Students at 11 struggling Richmond County schools will be given the option to transfer to better-performing schools no matter where they live in the district before classes begin Aug. 8.
Under the No Child Left Behind Act, parents are not required to keep their children enrolled in under-performing schools just because they are zoned to that area, thanks to a regulation called School Choice.
In total, 10,333 Richmond County students will be given the chance to transfer to another school this year, although traditionally only a small percentage of students actually take advantage of the option to move.
In the 2010-11 school year, just 337 out of the 11,130 eligible students chose to change schools. In the 2009-10 year, 378 out of 12,128 possible students switched campuses.
This year, parents can submit an application to have their children transferred if they attend: the Academy of Richmond County, Butler, Cross Creek, Glenn Hills, Hephzibah or Westside high schools; Langford or Murphey middle schools; or Hornsby, Barton Chapel or Jenkins White elementary schools.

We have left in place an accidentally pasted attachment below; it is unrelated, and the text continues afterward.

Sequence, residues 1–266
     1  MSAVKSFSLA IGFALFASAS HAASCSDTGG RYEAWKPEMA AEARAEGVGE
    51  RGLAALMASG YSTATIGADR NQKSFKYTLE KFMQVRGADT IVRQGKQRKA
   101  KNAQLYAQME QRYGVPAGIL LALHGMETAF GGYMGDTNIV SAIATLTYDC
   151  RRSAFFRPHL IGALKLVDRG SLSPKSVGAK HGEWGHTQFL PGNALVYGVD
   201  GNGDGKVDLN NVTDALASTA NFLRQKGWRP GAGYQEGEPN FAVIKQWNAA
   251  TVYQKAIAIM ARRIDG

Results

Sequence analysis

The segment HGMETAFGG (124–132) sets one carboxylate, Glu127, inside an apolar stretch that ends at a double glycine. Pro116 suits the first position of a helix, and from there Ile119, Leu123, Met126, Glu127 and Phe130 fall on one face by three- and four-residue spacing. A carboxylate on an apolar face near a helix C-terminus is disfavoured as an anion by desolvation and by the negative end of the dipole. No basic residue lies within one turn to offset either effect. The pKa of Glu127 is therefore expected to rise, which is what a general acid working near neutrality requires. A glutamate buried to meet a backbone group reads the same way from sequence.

Students who choose to transfer are provided free transportation even if their residences are not zoned for their new school.
Administrators are currently sending letters to the homes of eligible students, and parents must submit their applications no later than Aug. 8.
Students are normally given two schools to choose between when transferring out of a Needs Improvement school, but the only option for high schoolers to transfer to this year is Lucy C. Laney High School.
Although Laney has not met Adequate Yearly Progress standards in seven years, it has received almost $2 million since 2010 in a federal School Improvement Grant, which made the school replace half its teachers, invest in technology and enact better instruction strategies.
That grant also reclassified Laney's Needs Improvement status to "adequate" in 2010, even though it did not make AYP again in 2011.
If students from low-income families remain in their Needs Improvement school, they are eligible to receive free tutoring.
Last year, out of 7,425 students who could have received tutoring, 1,926 applied to participate and received services.